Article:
Some People You Should Get a Drink From Before They Die

Who To Drink, Virginia Miller for the San Francisco Bay Guardian

Or, as Steven Liles put it, “4 Old Guys, and a Young Gal, You Should Get a Drink From Before They Die.”

I was honored to be included in the list of awesome bartenders! Here are the questions Virginia sent and some expansion on my answers.

Erik Ellestad first landed on the cocktail map in 2006 with his blog, Savoy Stomp — during his off hours as a tech engineer he began working his way through the classic Savoy Cocktail Book, one recipe at a time. This led to monthly gathering and demonstration Savoy Cocktail Book Nights at revered Upper Haight cocktail hotspot the Alembic since 2008, and bartending at chic SoMa Chinese restaurant Heaven’s Dog since its opening in January 2009. He’s an expert on classic recipes; his technically-minded side informs his precision and sense of balance.

I started getting involved in online cocktail related forums, including DrinkBoy and Webtender, in the early 2000s. Joined in 2005. In June of 2006, I started the Savoy Stomp topic in the Spirits and Cocktails forum on eGullet, documenting my efforts to sequentially make every single drink in the Savoy Cocktail Book. For a while in this period, I also served as one of the hosts of that forum. Later in 2006, I started a personal blog with similar content to the Savoy Stomp on Eventually, keeping both in sync got to be too much of a drag, and I moved the Stomp entirely to my personal blog,

1. Please list for me what bars you’re tending at currently and how many years you’ve been bartending.

I work at Heaven’s Dog and help host Alembic Bar’s monthly Savoy Cocktail Book Night. However, I am most well known for the blog project I began in June of 2006 to make and document every cocktail in the Savoy Cocktail Book. The Alembic staff and I have been doing the Savoy Nights together since November of 2008 and I’ve been bartending at Heaven’s Dog since we opened in January of 2009. I also work part time for the University of California, here in San Francisco, as a Unix Systems Administrator.

2. Where are you from and how does that influence your bartending style and taste?

I’m an honest hard working boy from a small town near Madison, Wisconsin. Other than developing my taste for beer, cheese, and Old-Fashioned Cocktails, I don’t think growing up in Wisconsin particularly affected my bartending. However, the 10 years I spent as a line and prep cook while living in Madison, definitely affected both the way I approach cocktails and how I prioritize tasks while bartending.

3. What is your area of expertise or obsession: a spirit, cocktail style, category or region of drink?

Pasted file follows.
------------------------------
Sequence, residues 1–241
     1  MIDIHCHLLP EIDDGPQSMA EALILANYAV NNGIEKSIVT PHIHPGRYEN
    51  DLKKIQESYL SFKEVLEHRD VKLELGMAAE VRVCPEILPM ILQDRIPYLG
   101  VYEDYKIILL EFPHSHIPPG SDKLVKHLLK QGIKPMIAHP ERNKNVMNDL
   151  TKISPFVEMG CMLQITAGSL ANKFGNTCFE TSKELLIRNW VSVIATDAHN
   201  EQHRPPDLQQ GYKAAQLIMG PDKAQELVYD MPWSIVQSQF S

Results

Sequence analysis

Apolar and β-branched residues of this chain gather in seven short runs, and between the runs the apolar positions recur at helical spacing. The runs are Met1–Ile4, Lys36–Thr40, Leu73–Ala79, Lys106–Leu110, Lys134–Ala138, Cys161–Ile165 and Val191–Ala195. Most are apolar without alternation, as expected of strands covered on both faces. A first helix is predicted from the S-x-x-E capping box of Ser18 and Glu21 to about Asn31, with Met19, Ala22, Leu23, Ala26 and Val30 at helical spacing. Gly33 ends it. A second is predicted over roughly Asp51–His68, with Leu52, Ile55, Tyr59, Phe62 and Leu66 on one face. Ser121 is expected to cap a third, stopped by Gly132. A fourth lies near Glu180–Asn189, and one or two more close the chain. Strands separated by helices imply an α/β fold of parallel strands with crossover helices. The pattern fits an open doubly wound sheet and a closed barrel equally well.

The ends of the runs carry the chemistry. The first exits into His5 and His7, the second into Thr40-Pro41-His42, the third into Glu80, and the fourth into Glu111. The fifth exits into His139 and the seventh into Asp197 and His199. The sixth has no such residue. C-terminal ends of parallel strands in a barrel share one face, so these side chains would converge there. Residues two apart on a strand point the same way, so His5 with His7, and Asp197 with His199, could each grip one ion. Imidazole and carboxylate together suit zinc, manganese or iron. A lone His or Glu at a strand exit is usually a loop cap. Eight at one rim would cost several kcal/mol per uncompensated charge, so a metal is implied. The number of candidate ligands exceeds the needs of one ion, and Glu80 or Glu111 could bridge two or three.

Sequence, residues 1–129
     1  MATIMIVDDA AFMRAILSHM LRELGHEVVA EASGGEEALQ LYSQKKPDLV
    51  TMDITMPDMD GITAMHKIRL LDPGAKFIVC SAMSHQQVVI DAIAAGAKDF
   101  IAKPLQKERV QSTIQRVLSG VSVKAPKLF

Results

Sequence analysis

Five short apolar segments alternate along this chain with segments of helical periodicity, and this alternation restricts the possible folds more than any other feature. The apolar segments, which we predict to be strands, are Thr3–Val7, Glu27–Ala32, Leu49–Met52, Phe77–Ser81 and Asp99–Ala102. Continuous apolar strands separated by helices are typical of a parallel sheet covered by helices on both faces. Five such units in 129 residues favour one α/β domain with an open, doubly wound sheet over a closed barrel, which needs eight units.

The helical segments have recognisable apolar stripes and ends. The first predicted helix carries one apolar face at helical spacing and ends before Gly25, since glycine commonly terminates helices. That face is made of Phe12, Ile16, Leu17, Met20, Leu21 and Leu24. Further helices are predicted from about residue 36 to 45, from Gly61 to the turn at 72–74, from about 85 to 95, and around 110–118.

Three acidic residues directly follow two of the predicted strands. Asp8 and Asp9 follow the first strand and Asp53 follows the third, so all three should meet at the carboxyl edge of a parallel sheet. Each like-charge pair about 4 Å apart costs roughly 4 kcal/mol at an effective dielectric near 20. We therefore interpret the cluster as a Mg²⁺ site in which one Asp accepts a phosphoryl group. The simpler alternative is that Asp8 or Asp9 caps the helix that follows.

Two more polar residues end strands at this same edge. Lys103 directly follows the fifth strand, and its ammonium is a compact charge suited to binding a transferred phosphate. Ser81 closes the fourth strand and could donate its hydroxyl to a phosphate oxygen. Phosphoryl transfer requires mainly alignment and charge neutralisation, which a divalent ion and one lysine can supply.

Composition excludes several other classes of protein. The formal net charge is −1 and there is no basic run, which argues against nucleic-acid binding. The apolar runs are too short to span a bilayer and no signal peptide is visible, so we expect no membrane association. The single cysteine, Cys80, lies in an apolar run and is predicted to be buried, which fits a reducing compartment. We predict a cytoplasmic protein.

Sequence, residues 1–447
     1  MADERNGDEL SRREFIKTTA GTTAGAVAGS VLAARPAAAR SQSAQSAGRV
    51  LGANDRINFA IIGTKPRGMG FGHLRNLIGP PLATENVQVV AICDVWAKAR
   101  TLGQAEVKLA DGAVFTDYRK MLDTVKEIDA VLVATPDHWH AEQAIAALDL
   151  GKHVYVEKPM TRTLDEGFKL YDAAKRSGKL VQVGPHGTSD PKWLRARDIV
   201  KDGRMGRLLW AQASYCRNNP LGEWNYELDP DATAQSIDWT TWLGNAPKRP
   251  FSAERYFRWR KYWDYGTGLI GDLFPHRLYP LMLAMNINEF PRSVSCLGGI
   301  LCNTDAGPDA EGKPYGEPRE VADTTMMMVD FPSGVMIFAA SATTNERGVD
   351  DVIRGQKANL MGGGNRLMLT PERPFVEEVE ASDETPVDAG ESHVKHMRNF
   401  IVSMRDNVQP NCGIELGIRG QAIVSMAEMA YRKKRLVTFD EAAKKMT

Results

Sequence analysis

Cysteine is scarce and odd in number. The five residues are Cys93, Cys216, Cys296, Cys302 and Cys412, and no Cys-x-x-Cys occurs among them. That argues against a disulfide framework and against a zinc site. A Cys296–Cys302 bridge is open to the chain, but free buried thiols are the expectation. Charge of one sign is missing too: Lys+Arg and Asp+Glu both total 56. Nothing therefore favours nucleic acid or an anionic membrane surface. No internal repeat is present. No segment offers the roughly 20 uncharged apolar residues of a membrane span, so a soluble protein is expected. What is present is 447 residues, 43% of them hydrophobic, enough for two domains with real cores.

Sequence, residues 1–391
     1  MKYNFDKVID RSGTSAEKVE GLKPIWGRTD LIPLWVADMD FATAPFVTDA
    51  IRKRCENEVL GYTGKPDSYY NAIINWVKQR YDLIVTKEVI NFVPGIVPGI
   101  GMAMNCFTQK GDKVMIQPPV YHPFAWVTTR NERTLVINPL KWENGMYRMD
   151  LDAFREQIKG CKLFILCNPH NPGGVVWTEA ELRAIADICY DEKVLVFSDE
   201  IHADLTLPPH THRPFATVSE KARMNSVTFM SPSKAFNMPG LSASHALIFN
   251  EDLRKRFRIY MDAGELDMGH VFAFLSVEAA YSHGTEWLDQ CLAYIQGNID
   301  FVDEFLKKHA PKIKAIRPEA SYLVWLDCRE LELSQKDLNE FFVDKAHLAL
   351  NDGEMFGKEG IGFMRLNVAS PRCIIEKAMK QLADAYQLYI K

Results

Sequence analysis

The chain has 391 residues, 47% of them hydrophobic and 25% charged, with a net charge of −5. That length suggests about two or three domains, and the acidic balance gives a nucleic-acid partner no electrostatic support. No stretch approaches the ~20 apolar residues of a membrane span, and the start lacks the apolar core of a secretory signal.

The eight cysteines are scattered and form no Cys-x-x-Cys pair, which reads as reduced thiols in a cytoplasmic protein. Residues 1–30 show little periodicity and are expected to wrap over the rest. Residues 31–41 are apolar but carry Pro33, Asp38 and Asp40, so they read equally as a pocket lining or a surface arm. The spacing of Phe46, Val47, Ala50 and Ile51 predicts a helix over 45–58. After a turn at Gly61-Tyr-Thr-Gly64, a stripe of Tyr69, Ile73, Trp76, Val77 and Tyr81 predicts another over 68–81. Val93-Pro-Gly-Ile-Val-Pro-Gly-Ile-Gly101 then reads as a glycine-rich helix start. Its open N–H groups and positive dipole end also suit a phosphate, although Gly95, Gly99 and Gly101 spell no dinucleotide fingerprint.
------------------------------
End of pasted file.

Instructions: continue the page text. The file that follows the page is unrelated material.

Pre-prohibition American beverages, bars, and taverns. Almost all my real favorite cocktails go back to the 19th, early 20th Centuries, or before, and most of the books I most enjoy reading are about that period as well.

4. What do you drink most during off hours?

To be honest, now that I’ve nearly finished the Savoy Cocktail Book Project, I’ve been taking a bit of a break from drinking cocktails. You’ll most often find me drinking beer or wine. I have a special interest in small producers and natural process products.

5. What cocktail are you making lately that is exciting you, whether your own or someone else’s, recipe?

Inevitably, people ask regularly for “bartender’s choice” or “something you have been working on”.

Since you can’t say, “Well, I’ve been working on being a more engaging host,” or, “I’ve been working on my wine service and knowledge,” I try to learn a new or classic cocktail a week, so I have an easy answer to the question.

This week I was inspired by Leopold’s Navy Strength Gin to perfect the Inca Cocktail.

Inca Cocktail

3/4 oz Leopold’s Navy Strength Gin
3/4 oz Dolin Dry Vermouth
3/4 oz Carpano Antica Itailian Vermouth
3/4 oz Manzanilla Sherry
teaspoon Small Hand Foods Orgeat
1 dash Orange Bitters

Add ice and stir until well chilled. Strain into a small cocktail glass and garnish with an orange twist.

6. What are your current favorite off-hours hangouts for food or drink?

There are many awesome cocktail bars in this city, too many to list really. But, since I live in Bernal Heights, the places I get to most often are in my neighborhood: Gialina for pizza, Papalote for Burritos, Front Porch for Soulful American food, and Ichi Sushi, for, well, awesome Sushi. If my wife and I are splurging, we’ll go out to Bar Tartine, Bar Jules, or Commonwealth. Other than the bars I work in, you’ll find me at Rock Bar waiting for a table at Front Porch, Glen Park Station waiting for a table at Gialina, St. Mary’s Pub or Royal Cuckoo on the way to Ichi Sushi, and Wild Side West.

7. What musical style or band/musician keeps you pumped and motivated during those late bartending nights – or most encapsulates your bartending style?

I need to write up a whole post about how obsessed I’ve become about restaurant playlists! But the core of the playlist I’ve come up with for Heaven’s Dog is the box set of Stax/Volt Soul singles from 1959 through 1968. In addition, I like to throw in some Ska, Reggae, African, and Brazilian music.

I wish there was some way, though, that you could say pick from a certain set of songs from 5-7, another from 7-10, and a final one from 10-midnight.